As Harry nears the end of his eleventh life, a little girl appears at his bedside. ‘I nearly missed you, Doctor August,’ she says. ‘I need to send a message.’

This is the story of what Harry does next, and what he did before, and how he tries to save a past he cannot change and a future he cannot allow.

This book has some similarities to Life After Life, which you may recall is one of my favorite books ever. The kalachakra live the same life over and over again, with complete memory of all previous lives. Harry has to outwit his former friend Vincent, who is having kalachakra killed before they are born, destroying Chronus clubs, and trying to build a quantum mirror, no matter what the cost.

I think the fact that this book is similar to one of my all-time favorite books did it a disservice, as I kept comparing it unfavorably to Life After Life. The other main issue I had with the book is the torture scenes (yes, multiple). It was a little too intense for me, and I had to stop listening to the audio book and borrow an ebook version so I could skim the rough parts.

Rating: Good but Forgettable

The Maltese Falcon

Sam Spade is hired by the fragrant Miss Wonderley to track down her sister, who has eloped with a louse called Floyd Thursby. But Miss Wonderley is in fact the beautiful and treacherous Brigid O’Shaughnessy, and when Spade’s partner Miles Archer is shot while on Thursby’s trail, Spade finds himself both hunter and hunted: can he track down the jewel-encrusted bird, a treasure worth killing for, before the Fat Man finds him?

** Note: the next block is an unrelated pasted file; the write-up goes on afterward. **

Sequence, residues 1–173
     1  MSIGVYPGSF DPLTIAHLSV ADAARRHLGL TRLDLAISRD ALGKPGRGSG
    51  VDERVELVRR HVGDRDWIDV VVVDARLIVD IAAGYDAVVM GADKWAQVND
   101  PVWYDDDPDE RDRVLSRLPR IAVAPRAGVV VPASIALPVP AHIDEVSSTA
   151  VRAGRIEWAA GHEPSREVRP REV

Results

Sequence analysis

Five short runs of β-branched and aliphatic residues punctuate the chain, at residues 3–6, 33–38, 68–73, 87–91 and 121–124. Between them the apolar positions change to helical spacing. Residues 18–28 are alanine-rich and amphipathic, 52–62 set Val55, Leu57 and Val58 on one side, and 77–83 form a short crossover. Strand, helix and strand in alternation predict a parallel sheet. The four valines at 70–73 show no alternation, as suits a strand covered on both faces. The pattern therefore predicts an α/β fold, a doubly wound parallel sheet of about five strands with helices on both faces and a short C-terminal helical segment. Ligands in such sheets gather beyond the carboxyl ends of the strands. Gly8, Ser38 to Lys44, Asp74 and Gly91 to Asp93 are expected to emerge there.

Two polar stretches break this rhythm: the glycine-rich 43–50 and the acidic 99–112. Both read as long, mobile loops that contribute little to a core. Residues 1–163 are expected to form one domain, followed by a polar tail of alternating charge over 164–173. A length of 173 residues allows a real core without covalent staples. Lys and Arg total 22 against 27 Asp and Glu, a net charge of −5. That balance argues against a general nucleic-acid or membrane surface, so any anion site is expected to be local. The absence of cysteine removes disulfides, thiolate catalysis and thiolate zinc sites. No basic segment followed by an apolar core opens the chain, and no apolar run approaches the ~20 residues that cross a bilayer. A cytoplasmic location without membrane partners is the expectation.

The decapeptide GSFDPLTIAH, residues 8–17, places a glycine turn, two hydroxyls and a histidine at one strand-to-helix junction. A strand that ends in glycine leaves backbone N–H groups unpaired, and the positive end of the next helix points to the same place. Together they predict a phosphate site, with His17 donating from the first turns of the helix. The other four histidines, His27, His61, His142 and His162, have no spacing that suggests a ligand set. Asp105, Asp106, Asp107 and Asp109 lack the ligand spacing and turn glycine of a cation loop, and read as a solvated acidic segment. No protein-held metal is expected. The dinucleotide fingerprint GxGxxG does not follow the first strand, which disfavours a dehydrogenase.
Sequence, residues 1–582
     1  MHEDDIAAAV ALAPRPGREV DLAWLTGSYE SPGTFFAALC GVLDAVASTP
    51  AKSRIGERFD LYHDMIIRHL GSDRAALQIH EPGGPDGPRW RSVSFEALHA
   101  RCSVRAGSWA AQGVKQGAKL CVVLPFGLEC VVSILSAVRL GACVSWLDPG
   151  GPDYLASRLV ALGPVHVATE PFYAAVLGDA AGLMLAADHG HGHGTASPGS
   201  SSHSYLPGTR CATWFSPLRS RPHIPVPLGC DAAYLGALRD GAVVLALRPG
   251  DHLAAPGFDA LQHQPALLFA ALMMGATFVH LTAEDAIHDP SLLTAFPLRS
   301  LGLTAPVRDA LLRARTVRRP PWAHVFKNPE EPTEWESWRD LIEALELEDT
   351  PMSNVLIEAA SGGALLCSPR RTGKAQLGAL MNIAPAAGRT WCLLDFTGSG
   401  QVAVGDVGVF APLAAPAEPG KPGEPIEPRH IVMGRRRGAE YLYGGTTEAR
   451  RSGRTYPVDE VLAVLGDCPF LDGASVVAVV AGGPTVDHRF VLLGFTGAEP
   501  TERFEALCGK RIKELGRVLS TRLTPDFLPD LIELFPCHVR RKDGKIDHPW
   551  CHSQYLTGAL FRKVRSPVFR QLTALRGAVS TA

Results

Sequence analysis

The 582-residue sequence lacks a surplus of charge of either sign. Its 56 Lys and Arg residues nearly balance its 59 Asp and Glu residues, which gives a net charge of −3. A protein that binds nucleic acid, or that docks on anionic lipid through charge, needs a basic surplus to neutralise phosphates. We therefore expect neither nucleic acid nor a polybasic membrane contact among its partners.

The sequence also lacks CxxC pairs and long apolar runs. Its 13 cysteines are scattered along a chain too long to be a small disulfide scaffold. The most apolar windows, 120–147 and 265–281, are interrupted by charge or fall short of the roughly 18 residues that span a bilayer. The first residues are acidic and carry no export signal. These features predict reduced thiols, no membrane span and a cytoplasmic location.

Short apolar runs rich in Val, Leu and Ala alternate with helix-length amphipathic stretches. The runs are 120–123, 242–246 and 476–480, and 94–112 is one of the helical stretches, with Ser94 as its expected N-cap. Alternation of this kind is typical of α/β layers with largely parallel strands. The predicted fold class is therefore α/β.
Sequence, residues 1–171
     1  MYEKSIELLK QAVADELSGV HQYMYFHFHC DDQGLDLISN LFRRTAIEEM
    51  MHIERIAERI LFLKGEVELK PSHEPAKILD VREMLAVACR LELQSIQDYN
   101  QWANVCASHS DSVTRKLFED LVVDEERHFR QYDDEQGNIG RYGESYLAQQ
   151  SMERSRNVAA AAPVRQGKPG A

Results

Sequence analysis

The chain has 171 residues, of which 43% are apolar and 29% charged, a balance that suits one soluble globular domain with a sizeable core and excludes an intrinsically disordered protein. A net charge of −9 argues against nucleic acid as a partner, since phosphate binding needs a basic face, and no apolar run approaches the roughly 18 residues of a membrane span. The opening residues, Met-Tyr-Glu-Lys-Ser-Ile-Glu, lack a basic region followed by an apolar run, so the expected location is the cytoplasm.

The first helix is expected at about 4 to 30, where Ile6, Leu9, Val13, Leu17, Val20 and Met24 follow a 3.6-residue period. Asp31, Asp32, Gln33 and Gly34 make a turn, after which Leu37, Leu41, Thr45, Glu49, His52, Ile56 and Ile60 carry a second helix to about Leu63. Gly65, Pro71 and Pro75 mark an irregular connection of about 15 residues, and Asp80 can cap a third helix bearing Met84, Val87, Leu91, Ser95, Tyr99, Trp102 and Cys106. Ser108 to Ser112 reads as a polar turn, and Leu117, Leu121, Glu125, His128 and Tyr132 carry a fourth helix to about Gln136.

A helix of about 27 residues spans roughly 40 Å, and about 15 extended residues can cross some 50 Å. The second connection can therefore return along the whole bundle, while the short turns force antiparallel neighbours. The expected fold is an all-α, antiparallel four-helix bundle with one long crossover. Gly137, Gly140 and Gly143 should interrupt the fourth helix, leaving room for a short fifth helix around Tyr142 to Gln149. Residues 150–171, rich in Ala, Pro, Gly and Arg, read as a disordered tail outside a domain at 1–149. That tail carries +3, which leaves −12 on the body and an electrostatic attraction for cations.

I don’t enjoy a detective story as much as other kinds of mysteries, but I can see why this book is a classic. Sam Spade is iconic as the hard-boiled PI, and I did enjoy reading about his adventures. The book is very well written, but (of course) filled with sexism. I have another Dashiell Hammett book on my TBR list, so I’m looking forward to more tight writing, well-crafted characters, and several sighs and eyebrow raises over the author’s treatment and portrayal of women and minorities.

Rating: Good but Forgettable

Year of Wonders

When an infected bolt of cloth carries plague from London to an isolated village, a housemaid named Anna Frith emerges as an unlikely heroine and healer. Through Anna’s eyes we follow the story of the fateful year of 1666, as she and her fellow villagers confront the spread of disease and superstition. As death reaches into every household and villagers turn from prayers to murderous witch-hunting, Anna must find the strength to confront the disintegration of her community and the lure of illicit love. As she struggles to survive and grow, a year of catastrophe becomes instead annus mirabilis, a “year of wonders.”